Ancient beer on tap as part of Lakehead University's Research and Innovation Week
When it comes to beer, they just don't make 'em like they used to
By modern standards, they may not turn out to be the most easy-drinking brews.
But two beers being prepared by the Sleeping Giant Brewery in Thunder Bay, Ont., are sure to be conversation starters.
They're ancient beers — based on recipes from thousands of years ago — which will be sampled at a special event in Thunder Bay, on Saturday.
"Hopefully, fingers crossed, it doesn't taste horrible," said head brewer Kyle Mulligan, showing off a glass of still-fermenting muddy brown liquid. "Obviously things have evolved."
The brewery was recruited to make the drinks for a talk featuring Patrick McGovern, a researcher with the University of Pennsylvania Museum, famous for his work identifying, and re-creating ancient brews.
Recipes determined using ancient residue analysis
It's fascinating work, said Carney Matheson, a professor of anthropology at Lakehead University who does similar research.
McGovern uses a combination of historical documents, DNA analysis and chemistry to identify the ingredients of ancient beers, with work that involves analysis of residue on drinking vessels.
In preparation for McGovern's visit, Matheson worked with Sleeping Giant Brewery to select two ancient beers from McGovern's book, Ancient Brews Rediscovered and Re-created.
"One is Etrusca, which is an ancient Italian beer from the Etruscans. And the other one is Kvasir, which is an ancient Norse beer," he said, noting that the selections are a nod to Thunder Bay's large Italian and Scandinavian populations.
As for the age of the recipes, "we don't have an exact date," he said. "but if you look at the Etrusca, the Etruscan civilization arose around 800 BC and started its decline around 264 BC with a battle between the Romans and the Etruscans."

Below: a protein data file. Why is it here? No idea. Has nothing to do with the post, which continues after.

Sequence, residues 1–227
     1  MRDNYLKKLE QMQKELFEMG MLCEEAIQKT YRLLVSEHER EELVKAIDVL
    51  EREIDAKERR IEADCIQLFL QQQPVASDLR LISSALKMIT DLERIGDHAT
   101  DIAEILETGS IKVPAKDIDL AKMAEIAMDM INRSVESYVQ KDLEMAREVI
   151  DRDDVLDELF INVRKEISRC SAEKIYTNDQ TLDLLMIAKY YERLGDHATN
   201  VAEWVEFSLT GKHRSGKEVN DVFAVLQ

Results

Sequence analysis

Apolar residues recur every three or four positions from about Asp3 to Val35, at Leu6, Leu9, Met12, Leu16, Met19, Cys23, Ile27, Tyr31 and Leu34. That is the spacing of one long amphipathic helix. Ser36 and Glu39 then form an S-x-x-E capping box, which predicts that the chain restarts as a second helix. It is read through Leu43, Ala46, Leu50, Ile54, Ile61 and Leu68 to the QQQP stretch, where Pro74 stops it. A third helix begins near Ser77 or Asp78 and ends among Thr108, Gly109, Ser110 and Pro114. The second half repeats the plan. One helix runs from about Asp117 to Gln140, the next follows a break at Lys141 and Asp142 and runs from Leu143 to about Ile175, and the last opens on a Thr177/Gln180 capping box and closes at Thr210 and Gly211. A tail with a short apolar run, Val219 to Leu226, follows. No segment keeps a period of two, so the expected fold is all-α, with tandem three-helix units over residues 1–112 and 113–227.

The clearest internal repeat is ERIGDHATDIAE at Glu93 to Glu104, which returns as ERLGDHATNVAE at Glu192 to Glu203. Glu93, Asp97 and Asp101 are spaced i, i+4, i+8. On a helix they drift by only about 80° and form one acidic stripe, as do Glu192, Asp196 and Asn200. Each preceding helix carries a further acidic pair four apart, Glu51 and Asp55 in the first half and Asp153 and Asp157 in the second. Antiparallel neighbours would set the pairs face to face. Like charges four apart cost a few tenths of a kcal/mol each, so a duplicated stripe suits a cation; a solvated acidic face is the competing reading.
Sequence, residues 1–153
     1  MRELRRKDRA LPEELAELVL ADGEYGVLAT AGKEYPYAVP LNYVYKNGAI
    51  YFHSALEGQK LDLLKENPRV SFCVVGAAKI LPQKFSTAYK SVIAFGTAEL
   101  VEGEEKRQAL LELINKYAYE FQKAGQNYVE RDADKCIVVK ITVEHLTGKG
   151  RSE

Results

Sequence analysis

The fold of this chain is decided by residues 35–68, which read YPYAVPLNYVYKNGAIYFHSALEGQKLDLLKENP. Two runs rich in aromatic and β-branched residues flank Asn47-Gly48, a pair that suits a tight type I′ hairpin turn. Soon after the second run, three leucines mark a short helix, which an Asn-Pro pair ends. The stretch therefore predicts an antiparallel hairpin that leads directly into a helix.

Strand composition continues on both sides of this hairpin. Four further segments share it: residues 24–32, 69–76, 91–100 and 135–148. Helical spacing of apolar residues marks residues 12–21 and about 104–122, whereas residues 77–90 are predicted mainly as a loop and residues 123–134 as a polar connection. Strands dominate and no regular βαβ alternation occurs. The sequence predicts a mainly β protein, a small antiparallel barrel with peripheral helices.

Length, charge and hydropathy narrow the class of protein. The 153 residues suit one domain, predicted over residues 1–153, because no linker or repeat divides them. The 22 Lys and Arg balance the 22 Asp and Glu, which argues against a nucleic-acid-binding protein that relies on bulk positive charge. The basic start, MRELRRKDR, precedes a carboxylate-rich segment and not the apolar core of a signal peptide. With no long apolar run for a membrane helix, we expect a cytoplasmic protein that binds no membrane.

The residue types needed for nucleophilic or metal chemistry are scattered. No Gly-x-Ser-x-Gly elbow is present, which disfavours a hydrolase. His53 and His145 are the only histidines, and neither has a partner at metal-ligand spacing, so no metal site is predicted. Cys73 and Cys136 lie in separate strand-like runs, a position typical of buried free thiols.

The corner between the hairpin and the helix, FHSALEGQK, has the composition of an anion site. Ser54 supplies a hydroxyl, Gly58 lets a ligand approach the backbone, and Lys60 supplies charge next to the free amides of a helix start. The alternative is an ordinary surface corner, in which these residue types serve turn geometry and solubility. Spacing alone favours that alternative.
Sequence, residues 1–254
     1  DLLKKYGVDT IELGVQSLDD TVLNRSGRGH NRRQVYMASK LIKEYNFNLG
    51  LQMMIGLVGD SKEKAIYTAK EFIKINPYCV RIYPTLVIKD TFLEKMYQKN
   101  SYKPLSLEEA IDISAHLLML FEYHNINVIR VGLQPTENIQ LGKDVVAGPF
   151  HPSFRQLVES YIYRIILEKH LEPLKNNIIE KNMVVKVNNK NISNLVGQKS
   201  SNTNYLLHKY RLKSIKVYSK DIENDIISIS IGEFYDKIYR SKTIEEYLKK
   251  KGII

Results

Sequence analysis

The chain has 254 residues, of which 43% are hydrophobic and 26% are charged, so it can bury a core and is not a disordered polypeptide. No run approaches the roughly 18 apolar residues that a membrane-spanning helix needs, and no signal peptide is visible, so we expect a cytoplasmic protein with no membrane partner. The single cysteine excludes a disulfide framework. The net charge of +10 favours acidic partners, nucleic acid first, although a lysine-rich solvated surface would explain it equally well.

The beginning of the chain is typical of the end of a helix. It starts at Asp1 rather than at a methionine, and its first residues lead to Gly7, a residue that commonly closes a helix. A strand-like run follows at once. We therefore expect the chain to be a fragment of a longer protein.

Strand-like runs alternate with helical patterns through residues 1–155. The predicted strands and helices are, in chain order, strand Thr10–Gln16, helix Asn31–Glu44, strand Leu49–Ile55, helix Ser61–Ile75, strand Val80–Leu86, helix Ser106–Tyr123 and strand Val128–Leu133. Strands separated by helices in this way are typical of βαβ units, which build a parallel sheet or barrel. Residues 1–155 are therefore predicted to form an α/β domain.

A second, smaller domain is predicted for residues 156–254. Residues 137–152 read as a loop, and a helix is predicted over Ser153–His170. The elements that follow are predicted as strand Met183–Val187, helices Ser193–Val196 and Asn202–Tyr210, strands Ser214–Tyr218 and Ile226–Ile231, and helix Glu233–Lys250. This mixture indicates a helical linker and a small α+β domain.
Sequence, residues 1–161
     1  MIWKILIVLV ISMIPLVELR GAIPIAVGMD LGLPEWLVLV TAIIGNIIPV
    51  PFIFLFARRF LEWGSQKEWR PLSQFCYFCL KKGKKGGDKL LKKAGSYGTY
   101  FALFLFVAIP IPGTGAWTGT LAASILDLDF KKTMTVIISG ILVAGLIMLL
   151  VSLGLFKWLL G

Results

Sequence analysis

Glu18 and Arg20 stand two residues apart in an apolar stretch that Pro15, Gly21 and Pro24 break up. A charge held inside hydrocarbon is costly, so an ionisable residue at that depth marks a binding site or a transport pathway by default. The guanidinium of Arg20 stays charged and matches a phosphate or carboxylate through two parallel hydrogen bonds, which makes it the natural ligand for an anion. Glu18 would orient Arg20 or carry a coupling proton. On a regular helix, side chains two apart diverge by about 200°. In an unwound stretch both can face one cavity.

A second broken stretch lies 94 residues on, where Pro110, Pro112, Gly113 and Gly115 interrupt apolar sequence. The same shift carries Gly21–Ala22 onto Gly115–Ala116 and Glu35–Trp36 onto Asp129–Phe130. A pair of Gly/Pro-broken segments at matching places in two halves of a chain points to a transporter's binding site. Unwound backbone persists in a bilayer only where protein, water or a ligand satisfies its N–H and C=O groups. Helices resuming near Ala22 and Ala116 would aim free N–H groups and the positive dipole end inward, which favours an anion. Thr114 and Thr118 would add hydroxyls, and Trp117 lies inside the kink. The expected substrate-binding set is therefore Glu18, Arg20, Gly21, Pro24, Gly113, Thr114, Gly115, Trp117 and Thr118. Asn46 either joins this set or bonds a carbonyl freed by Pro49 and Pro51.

Myrrh and meadowsweet two of many unusual ingredients
One of the biggest challenges of brewing the ancient beers was tracking down unusual ingredients, said Mulligan, noting the recipes called for things like myrrh and the herb meadowsweet.
The process was also "very hands on," he said. "Crushing grains by hand. Adding things by hand."
It was a fun experiment, he said, and should result in some very interesting flavours, for those lucky enough to sample the beers at the event.
Many events on tap as part of Research and Innovation Week
The talk is taking place Saturday, March 3 at 7 p.m. at the Prince Arthur Waterfront Hotel and tickets are available from Sleeping Giant Brewery, or the hotel.
It's just one of many events taking place as part of Lakehead University's Research and Innovation Week, an annual event celebrating academic research, which features public events and talks.
On Saturday afternoon, interactive booths will be set up at Intercity Mall showcasing a wide-range of research being done at the University. The displays and activities will be on show at the mall from 9 a.m. until 6 p.m.
At the anthropology booth, the displays will include interactive 3-D goggles through which people can view archeological sites, and examples of artifacts re-created with 3-D printers, said Matheson. Tickets for that evening's ancient beer event will also be available at the booth.